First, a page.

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There can be few British institutions that say more about us as a nation than the School Sports Day. Our division into games-worshippers and those who couldn’t care less is never seen more starkly than in the keen faces of kids determined to win the egg-and-spoon race or for senior school pupils the 100m, and their relaxed mates making daisy-chains and chatting. And it’s not just the kids: is there anything more revelatory than dads who just happen to turn up for the event in running shoes: “A dads’ race – I hadn’t realised.” The contemporary history of Sports Days is telling too: non-competitive versions foisted on some of the recent cohorts; and the angry reaction of right wing newspapers and politicians to such developments.
But whatever the nature of the contests (or non-contests) certain elements are timeless threads in the British tapestry. We must have a public-address system that doesn’t work properly, manned by a volunteer who is either a teacher dodging sportier duties or a parent not entirely displeased with his own voice. The smell of newly mown grass must permeate the area. Ideally the kids will represent houses whose names mean nothing to them. One child will win everything in sight. One mum will claim her child has been robbed of glory by blind judges. And there must be plastic medals.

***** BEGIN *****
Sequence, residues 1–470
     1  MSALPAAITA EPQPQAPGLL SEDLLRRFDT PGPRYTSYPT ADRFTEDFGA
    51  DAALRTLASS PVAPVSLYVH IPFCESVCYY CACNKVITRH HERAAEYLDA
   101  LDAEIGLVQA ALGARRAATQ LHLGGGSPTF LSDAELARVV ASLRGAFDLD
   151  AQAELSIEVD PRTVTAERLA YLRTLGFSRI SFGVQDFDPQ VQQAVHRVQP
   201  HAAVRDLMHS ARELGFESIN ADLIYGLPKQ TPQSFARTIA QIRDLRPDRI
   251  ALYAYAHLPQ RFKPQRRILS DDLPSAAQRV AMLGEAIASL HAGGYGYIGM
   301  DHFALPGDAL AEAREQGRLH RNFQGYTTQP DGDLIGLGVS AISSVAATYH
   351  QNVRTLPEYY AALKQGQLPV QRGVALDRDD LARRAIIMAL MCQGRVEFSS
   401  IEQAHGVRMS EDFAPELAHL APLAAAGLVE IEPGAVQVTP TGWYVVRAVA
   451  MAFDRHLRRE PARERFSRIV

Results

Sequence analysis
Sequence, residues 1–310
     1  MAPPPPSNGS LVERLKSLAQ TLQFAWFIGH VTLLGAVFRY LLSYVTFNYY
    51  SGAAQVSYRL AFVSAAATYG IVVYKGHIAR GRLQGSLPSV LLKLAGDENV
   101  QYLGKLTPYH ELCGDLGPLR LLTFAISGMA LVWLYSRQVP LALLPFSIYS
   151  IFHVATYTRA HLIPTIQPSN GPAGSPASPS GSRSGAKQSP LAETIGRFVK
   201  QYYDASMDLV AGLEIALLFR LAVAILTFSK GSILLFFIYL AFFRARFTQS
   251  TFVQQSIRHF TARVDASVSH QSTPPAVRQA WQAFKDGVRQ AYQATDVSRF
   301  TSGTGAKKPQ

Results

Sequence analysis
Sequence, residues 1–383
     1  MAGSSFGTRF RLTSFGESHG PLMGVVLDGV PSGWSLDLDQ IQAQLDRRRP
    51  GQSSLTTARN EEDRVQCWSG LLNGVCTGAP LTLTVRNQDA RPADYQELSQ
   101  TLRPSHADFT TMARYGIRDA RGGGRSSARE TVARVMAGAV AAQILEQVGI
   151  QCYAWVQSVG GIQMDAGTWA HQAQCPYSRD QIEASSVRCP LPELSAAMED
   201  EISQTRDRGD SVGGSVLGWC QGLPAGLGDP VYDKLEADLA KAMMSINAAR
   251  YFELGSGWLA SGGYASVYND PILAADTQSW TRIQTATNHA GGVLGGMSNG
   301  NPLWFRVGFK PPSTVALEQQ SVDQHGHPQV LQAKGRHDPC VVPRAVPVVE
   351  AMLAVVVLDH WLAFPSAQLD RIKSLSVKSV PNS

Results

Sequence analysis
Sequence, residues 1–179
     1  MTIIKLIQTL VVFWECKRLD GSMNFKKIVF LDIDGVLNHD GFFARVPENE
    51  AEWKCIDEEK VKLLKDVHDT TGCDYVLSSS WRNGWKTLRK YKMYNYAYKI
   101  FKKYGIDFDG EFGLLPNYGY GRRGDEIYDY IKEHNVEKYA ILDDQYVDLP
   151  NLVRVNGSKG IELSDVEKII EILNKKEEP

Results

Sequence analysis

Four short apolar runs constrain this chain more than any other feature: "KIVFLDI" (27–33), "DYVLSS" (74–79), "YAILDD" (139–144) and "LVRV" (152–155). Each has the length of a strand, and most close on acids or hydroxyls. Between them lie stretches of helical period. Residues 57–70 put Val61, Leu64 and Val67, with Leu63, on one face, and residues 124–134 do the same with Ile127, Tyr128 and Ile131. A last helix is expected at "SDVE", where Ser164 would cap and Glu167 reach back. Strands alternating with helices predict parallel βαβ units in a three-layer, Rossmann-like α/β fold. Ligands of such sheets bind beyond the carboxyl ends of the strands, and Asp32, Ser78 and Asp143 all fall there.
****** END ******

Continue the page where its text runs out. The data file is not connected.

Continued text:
Strangely given our often inclement weather nearly all sports days pass without rain, which may be a sign of approval from the local gods; or that they have money on the red-haired twins in the three-legged race.

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Brit Quote:
Don't clap too hard - it's a very old building. - John Osborne
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On this day:
Battle of Lostwithiel - 1644, Battle of Dunkeld - 1689
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